11. The first time your ewes lamb, your whole family comes out to the barn with you in the middle of the night to make videos or take pictures or to otherwise be a witness to the miracle of birth. Lambing the second time around, when you complain to your husband about having to go out to the barn at two am, he says, “Well, you were the one who wanted sheep,” then rolls over and goes back to sleep.

10. To a lamb, everything looks like an udder except an udder.

9. Ewes can’t count.

8. When given a choice between running through a gate to rejoin its mother and running headlong into a fence, nine times out of ten a lamb will choose to run into the fence.

7. A fat lamb will always find a way to get into the creep feeder. Getting out is another matter.

6. The first time you take your lambs to the butcher, you cry in the truck during the drive to the slaughter house. The second time, you plan the menu.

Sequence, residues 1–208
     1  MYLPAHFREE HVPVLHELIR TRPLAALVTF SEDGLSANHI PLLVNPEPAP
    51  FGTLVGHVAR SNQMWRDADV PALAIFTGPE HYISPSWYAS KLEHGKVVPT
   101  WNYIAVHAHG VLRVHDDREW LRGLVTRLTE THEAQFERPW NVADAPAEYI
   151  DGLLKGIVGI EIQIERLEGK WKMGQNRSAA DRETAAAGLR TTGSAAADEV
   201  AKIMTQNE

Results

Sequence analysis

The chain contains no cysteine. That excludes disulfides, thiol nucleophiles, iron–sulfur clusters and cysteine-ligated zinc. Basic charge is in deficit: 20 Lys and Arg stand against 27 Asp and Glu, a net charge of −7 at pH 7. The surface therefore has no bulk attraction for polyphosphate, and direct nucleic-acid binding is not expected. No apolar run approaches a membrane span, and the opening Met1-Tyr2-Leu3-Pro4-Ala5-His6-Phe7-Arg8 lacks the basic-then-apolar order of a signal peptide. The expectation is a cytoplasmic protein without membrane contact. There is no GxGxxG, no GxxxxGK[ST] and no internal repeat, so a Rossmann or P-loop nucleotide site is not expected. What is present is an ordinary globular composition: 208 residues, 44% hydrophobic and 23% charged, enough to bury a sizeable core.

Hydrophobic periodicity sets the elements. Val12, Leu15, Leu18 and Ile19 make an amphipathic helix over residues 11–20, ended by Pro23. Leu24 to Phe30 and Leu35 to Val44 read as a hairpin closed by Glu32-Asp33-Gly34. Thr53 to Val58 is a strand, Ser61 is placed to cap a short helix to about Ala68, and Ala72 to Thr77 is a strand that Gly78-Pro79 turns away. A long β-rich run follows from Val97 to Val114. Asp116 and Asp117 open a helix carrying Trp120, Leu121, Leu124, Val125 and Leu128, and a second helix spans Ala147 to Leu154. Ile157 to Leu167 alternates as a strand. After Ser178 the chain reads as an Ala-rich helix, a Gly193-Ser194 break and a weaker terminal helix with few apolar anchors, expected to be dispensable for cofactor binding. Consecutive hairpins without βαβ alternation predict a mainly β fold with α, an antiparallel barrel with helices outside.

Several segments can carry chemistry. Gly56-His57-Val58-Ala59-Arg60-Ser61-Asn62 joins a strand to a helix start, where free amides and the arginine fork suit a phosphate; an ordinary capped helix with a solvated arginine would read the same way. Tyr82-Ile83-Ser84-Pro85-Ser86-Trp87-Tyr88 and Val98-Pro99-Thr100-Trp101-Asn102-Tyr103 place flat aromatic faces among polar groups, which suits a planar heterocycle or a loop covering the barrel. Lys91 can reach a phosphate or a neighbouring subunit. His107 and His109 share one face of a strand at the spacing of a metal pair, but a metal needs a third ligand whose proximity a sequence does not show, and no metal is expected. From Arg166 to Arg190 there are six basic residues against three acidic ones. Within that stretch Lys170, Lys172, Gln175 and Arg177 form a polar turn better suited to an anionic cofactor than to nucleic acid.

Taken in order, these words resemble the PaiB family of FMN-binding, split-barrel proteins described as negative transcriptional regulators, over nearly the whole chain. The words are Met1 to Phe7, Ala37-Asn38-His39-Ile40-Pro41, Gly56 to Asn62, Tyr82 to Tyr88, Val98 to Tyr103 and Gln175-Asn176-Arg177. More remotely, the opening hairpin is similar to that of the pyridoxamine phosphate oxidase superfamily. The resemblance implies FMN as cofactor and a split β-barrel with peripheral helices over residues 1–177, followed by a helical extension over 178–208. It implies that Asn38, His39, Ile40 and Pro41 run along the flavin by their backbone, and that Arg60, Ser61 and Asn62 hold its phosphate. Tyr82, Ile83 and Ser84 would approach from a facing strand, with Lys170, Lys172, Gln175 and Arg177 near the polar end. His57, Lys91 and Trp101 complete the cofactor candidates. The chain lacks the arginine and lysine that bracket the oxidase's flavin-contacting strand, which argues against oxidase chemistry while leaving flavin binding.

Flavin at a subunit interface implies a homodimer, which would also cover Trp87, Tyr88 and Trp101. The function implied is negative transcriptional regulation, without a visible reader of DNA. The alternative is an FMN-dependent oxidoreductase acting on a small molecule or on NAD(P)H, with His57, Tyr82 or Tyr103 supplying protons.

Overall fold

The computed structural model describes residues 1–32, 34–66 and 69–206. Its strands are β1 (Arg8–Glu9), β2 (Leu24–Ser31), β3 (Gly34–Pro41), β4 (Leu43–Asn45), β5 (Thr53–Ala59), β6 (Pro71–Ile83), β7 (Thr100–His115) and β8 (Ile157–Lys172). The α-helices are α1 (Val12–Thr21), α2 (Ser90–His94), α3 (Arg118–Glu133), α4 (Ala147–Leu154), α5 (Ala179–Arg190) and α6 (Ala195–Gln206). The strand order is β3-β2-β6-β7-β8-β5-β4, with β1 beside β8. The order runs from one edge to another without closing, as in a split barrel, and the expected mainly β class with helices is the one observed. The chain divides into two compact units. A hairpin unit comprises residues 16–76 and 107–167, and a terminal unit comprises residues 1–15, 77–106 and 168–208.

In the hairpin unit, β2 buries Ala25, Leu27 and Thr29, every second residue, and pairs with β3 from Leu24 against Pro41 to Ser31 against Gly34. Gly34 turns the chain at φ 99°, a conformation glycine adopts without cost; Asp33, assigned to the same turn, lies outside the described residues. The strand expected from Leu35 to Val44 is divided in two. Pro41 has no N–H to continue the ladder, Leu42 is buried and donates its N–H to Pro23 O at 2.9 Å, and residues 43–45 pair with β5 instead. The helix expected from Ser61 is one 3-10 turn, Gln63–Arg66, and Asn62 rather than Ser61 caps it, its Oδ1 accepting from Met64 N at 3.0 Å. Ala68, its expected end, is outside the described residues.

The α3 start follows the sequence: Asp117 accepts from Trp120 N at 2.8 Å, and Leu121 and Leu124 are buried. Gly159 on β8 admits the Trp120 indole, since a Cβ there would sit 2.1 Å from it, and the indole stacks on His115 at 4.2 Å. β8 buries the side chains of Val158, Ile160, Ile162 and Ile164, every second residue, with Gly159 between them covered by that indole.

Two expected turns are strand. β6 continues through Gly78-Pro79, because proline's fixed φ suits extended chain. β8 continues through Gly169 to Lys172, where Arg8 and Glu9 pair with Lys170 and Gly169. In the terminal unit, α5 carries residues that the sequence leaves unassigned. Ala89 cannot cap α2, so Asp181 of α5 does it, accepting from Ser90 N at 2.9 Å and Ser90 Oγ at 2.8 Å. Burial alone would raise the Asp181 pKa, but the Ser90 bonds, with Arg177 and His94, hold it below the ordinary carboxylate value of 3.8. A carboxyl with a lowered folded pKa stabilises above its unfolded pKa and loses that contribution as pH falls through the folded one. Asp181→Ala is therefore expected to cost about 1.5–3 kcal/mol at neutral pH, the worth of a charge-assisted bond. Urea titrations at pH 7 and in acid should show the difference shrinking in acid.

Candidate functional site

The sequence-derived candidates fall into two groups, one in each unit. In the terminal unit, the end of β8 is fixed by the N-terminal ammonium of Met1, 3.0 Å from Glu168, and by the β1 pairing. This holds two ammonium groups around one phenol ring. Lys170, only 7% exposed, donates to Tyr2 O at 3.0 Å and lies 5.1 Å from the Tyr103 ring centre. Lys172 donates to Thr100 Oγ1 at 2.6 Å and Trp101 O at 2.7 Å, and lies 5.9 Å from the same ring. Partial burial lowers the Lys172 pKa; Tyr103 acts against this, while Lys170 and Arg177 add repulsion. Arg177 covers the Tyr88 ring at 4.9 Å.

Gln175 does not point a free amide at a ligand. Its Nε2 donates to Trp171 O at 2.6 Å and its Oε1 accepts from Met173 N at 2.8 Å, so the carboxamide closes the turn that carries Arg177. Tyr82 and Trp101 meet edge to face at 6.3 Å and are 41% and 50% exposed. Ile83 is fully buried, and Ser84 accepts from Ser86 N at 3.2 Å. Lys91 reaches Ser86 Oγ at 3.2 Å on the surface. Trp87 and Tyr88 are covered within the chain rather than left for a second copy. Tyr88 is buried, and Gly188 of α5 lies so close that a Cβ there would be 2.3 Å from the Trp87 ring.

5. The most agile animal on the planet is not a gazelle, a cat or a squirrel. It is an overweight seven year old Border Leicester ram who does not wish to have his feet trimmed.

4. If your sheep are standing outside in driving rain when they could be inside, one of two things has occurred: either a) the doorway to the barn is currently occupied by a flock of bad tempered Muscovy ducks or, b) one of Dumb Dora’s offspring is in the barn, racing around with a bucket stuck on its head.

3. A long wool sheep with an itch is a force of nature.

2. The number of times a person is willing to replace, repair, or re-position automatic waterers which have been ripped off the wall by itchy sheep before one gives up on automatic waterers and goes back to using buckets is: six.

1. To look out at your pasture in the spring and see it clothed with healthy ewes and playful lambs is possibly the best feeling in the world.

Photo by the artist

Out of Commission



Dori (oil) © Alyson Champ

I had one of those moments recently where I was reminded of why I rarely do commissioned work: it’s a pain in the neck. I didn’t always have that opinion, though. For years commissions formed the main part of my artistic income, my bread and butter, so to speak.